Court Upholds Coronavirus Immigration Ban
On Wednesday, US District Judge Michael Simon refused to suspend President Donald Trump’s executive order temporarily suspending green cards. The same judge previously ruled against the administration on a policy that would deny visas to people who can’t pay their own medical costs.
Late at night on April 20, the President sent out a tweet that created a lot of confusion and uncertainty among the immigrant community: In light of the attack from the Invisible Enemy, as well as the need to protect the jobs of our GREAT American Citizens, I will be signing an Executive Order to temporarily suspend immigration into the United States!
While panic ensued, the proclamation that came to be was much more relaxed than the tweet suggested. The proclamation, which expires 60 days from the effective date (April 23, 2020), suspends the entry of any individual seeking to enter the US as an immigrant who:
- Is outside the United States on the effective date of the proclamation;
- Does not have a valid immigrant visa; and
- Does not have a valid official travel document (such as a transportation letter, an appropriate boarding foil, or an advance parole document) that permits travel to the United States to seek entry or admission.
There are also several exemptions to the rule. For example, the proclamation does not apply to individuals, and their spouses or children, seeking to enter the US on an immigrant visa as a physician, nurse, or other healthcare professional. It is estimated that the proclamation will block 26,000 green cards per month.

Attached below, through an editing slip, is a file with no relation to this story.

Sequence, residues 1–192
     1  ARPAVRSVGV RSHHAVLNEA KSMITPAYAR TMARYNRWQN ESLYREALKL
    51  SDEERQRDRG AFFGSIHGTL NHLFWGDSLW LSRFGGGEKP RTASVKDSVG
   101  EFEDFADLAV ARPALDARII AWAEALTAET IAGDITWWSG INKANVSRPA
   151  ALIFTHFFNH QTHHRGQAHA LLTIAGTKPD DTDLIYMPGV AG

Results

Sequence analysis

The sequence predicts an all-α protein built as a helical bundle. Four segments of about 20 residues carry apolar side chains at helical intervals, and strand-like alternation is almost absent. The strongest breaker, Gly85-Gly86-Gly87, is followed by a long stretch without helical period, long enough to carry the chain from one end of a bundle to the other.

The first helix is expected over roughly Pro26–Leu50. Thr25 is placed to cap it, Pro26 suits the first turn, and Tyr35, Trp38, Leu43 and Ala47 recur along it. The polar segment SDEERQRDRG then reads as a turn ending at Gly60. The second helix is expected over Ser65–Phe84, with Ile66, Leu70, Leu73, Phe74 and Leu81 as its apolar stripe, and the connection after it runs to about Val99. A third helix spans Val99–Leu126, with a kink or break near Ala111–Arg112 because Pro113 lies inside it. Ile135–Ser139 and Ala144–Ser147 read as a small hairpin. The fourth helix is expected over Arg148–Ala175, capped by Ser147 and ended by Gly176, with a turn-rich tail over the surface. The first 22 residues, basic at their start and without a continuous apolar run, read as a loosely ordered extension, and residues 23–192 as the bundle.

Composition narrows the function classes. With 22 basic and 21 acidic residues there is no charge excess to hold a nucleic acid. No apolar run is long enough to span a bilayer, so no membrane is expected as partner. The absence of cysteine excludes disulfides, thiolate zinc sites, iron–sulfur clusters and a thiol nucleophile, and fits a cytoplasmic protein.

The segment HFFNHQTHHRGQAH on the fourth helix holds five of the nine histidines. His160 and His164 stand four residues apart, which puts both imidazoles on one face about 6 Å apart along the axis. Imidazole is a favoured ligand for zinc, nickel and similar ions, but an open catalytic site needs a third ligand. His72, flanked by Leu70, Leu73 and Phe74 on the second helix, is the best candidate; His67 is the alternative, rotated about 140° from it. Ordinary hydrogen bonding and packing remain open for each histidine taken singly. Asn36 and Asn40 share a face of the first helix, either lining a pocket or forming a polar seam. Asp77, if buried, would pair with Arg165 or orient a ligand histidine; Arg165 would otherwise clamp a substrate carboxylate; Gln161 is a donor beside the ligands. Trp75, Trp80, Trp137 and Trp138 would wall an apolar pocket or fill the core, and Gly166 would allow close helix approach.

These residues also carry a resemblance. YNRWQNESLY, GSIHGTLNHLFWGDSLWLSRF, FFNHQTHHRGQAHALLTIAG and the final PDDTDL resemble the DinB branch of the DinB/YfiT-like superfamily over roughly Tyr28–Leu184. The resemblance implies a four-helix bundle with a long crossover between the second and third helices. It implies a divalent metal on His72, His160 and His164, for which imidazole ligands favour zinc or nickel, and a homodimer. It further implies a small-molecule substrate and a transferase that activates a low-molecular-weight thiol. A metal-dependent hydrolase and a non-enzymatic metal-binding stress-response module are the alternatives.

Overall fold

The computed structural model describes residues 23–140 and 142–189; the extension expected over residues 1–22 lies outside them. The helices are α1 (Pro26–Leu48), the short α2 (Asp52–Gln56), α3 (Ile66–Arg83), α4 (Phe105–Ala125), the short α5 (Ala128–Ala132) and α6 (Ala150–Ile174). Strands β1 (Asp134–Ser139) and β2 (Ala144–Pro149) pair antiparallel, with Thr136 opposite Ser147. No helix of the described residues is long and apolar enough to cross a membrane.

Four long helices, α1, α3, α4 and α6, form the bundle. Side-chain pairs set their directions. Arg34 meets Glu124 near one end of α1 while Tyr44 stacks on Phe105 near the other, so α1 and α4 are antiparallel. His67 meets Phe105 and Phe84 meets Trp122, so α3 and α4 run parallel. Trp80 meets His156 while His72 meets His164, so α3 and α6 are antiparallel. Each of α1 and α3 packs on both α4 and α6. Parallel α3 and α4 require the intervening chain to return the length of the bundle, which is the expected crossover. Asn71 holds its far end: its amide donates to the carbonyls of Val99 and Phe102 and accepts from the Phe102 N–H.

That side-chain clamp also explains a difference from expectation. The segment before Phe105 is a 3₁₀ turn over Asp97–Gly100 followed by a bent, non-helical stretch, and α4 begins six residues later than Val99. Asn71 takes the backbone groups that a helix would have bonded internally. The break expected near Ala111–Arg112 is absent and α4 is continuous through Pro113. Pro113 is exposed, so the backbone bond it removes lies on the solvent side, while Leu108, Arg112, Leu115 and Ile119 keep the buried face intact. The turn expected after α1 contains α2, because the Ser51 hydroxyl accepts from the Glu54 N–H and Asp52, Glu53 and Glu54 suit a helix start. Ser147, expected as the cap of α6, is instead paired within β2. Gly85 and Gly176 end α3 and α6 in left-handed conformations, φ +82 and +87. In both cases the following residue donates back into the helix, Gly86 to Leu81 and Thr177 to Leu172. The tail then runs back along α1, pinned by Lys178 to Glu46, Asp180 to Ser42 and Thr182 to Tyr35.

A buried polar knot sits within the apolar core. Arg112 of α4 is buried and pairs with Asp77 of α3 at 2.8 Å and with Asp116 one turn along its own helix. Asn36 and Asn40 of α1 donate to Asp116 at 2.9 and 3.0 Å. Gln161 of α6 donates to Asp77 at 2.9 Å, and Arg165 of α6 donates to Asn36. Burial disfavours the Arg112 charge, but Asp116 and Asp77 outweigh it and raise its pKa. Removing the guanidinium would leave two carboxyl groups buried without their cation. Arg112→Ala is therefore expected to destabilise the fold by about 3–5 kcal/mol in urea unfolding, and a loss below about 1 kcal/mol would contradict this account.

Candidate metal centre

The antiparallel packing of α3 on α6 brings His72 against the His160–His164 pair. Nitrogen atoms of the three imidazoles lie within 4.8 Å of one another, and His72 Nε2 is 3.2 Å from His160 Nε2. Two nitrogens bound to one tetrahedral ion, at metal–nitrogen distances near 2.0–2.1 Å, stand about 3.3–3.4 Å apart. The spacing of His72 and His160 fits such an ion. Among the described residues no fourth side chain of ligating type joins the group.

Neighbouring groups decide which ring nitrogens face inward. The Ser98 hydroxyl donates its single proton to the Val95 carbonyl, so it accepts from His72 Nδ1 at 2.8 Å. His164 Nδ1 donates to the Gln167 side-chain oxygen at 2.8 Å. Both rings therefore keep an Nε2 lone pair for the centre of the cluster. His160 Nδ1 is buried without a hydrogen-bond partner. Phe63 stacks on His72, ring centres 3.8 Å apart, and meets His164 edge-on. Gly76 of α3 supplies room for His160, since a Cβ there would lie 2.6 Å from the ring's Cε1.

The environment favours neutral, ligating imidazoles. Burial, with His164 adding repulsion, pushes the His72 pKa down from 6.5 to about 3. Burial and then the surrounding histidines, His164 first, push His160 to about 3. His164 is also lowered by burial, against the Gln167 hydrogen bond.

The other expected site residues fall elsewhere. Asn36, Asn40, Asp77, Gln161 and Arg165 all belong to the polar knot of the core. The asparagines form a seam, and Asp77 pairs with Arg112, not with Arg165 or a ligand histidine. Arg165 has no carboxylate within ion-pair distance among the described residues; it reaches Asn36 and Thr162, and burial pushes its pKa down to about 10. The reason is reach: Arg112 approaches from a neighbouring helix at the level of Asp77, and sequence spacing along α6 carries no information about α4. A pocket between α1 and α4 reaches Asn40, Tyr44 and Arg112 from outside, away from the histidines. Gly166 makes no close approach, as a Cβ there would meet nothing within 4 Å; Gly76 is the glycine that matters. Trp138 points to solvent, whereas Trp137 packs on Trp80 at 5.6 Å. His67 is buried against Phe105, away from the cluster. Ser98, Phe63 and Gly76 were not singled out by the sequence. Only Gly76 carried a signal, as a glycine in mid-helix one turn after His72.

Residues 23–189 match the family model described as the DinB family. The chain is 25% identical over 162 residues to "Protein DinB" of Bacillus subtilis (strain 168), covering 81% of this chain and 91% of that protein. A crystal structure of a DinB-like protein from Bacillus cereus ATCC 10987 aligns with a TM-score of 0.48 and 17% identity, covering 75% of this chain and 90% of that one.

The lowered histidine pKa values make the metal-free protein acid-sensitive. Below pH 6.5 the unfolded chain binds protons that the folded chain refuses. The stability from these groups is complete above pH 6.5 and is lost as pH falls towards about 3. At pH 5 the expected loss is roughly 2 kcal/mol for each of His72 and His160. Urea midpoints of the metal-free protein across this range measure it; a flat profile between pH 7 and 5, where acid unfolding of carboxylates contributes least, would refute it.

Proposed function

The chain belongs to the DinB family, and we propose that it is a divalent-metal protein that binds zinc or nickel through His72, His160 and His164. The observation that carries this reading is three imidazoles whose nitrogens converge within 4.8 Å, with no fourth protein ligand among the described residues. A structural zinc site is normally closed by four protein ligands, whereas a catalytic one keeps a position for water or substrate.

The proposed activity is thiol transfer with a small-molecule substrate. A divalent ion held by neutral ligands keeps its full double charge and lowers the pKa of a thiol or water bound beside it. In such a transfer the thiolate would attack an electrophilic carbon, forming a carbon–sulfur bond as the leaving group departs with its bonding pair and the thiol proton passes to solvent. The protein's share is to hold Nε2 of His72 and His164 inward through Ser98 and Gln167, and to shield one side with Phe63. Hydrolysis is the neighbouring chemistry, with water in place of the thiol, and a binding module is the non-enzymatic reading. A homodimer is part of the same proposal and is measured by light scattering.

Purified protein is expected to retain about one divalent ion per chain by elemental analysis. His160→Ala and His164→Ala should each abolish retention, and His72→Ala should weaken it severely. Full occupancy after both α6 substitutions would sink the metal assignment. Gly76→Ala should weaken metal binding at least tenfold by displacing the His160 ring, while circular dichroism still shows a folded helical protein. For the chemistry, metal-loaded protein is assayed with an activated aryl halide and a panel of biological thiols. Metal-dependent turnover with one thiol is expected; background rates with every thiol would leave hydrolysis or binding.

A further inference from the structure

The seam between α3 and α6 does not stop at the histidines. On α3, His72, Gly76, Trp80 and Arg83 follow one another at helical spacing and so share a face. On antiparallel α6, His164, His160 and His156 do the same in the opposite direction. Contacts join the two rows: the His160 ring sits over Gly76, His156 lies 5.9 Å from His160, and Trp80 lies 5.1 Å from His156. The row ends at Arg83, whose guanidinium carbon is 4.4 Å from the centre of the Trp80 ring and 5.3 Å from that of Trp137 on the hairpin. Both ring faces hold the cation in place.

While the rule was far less reaching than expected, there was still a swift legal challenge. A class action (plaintiffs include the Innovation Law Lab and the American Immigration Lawyers Association) was initiated challenging the green card ban. The plaintiffs argued that a temporary restraining order was warranted under the All Writs Act as there was a nexus between the new green card ban and the health care mandate that the judge previously ruled on. However, Judge Simon disagreed finding that the two were completely unrelated.
Just because the Court issued orders based on a complaint relating to the processing of immigrant visa applications, that does not mean that the Court has the authority under the All Writs Act to stop enforcement of every immigration-related executive order (or other action) that might affect members of the certified class. – Judge Simon
As such, the green card ban remains in place for 60 days. Furthermore, the borders remain limited to essential travel despite most states reopening. Over the next week, 31 states will reopen. To date, over 1 million Americans have tested positive for Covid-19 according to Johns Hopkins University.
The green card ban is not the only immigration case making headlines. The Supreme Court is preparing to rule on Trump’s decision to terminate the Deferred Action for Childhood Arrivals (DACA) program. A decision is expected by the end of June. Currently, there are approximately 650,000 people enrolled in DACA.
As always, Silver Immigration will be following these cases and providing updates as they come to help you stay informed!